Plaxico Burress wants to help others avoid pitfalls
Plaxico Burress is anxious to continue his NFL career as soon as the lockout ends.
He also wants to help others avoid some of the pitfalls that led to him serving nearly two years in state prison. Burress appeared at the National Urban League in Manhattan this morning to promote, among other things, safety. Burress spoke about the dangers of carrying firearms and signed a pledge to join the National Urban League Celebrity Empowerment Challenge.
“I no longer own a firearm in my home, and I don’t carry one,” Burress said, according to Mike Garafolo of the Newark Star-Ledger. “With that, not owning one and not carrying one, I know I put myself in a better position in life and with safety and with the people in the community.
“Look at my situation. Ever since I was 7 years old, I thought of playing football, back in 1984, and my goal was to be an NFL player and accomplish great things – win a Super Bowl and things like that. And I made a bad decision, and it can all be taken away from you so quick, literally in the blink of an eye. You have to be cognizant of every decision that you make and every decision you make poses a consequence. And with that being said, you have to make the right choice.”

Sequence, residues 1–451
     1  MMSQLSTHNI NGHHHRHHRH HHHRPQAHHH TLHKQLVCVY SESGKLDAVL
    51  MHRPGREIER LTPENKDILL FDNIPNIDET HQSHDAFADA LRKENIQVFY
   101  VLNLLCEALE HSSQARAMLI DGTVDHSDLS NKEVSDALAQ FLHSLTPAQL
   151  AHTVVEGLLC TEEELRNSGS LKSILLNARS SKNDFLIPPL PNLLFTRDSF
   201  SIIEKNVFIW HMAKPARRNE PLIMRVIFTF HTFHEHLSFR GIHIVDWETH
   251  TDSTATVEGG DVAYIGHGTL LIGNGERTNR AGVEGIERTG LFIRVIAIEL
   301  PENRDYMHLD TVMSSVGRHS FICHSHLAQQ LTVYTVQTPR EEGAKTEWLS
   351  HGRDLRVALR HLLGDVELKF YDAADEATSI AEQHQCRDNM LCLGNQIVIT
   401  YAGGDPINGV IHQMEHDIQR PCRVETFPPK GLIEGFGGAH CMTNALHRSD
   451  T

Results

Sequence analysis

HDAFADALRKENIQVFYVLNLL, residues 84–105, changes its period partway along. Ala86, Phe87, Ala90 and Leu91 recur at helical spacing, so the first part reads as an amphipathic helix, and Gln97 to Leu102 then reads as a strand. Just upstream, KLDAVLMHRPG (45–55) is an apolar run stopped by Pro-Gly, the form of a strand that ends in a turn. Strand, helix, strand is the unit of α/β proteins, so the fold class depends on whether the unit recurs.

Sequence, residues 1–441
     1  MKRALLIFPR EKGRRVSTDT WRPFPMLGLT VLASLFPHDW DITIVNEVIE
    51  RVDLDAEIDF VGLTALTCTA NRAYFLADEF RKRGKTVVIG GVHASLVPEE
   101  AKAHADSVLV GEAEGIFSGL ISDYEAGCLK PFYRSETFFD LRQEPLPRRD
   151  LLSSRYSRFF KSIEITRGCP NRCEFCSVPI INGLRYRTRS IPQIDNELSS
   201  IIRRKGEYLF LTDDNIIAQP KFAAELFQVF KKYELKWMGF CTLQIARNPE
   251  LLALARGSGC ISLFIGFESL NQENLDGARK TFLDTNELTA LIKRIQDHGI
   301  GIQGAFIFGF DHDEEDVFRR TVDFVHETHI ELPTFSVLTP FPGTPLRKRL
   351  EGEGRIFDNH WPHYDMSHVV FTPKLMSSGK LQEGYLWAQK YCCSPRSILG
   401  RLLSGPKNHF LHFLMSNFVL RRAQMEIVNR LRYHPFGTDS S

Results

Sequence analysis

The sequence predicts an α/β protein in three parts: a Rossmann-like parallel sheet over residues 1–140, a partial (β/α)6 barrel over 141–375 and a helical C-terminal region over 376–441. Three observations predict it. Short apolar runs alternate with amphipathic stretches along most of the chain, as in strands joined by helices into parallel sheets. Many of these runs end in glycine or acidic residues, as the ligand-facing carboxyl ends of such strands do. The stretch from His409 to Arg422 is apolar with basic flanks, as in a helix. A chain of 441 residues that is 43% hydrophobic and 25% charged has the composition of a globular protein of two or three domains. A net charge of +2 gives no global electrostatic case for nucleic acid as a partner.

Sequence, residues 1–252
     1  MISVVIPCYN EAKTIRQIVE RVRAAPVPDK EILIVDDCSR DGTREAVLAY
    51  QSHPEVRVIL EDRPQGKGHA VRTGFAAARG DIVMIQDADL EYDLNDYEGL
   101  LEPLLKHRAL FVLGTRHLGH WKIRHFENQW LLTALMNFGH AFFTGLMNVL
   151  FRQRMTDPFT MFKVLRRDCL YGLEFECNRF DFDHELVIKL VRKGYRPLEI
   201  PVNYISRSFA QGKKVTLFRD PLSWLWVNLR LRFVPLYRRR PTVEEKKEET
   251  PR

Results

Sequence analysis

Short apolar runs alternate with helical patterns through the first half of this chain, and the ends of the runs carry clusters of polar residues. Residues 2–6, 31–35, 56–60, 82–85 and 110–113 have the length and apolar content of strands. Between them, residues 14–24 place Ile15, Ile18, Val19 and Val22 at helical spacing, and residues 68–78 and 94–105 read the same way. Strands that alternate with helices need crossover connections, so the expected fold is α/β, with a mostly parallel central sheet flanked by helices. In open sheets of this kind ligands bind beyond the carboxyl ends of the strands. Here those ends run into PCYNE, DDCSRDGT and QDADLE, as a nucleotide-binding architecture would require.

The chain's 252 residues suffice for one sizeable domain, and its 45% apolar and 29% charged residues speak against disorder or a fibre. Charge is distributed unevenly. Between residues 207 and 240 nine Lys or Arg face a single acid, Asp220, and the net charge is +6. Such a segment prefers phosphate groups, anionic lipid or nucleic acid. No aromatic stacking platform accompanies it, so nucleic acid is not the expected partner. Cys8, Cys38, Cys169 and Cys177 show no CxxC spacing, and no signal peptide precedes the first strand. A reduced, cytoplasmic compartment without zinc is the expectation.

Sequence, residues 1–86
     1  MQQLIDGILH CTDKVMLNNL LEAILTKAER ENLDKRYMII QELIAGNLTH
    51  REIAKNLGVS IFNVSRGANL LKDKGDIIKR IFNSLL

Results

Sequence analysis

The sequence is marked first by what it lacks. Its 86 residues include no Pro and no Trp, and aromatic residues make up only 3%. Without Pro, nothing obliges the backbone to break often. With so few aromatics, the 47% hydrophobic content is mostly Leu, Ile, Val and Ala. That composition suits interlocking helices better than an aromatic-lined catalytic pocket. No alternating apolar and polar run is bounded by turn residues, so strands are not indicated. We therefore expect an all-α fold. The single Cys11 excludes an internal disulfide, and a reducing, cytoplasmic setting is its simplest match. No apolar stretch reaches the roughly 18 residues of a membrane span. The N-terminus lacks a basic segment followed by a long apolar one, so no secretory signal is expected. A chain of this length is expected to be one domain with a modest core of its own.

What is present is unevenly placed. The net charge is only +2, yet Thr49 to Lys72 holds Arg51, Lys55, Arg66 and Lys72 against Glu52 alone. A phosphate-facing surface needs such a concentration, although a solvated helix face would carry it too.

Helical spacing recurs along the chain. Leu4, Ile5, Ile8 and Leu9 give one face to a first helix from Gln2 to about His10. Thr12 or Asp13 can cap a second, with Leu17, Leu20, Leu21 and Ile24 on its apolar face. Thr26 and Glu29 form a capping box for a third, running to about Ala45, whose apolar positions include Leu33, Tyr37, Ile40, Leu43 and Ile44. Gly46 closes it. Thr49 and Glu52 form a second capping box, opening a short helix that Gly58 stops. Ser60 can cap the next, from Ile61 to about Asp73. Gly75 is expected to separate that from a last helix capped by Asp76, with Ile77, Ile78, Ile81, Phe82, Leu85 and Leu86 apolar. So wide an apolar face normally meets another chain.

Also appearing with Burress was Tony Dungy, who has worked in mentoring Burress. The wide receiver said he hopes other athletes and celebrities will join him.
“When I came here this morning, when I took this podium, I didn’t have a script, I didn’t have anything written down. I came to speak from the heart. I think that says enough in itself,” Burress said. “My next step is to serve a purpose. I’ve done it to a certain extent, but there’s more that can be done.”
Burress had a lot of time to think about his mistake – carrying a loaded gun into a Manhattan night club – while in jail. Then, he began to think about what he could do moving forward, how he could be better each day. If he can follow through with this plan, perhaps he can reach some kids and young adults and perhaps they will think twice about making similar mistakes.
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Brad Biggs covers the Bears for the Chicago Tribune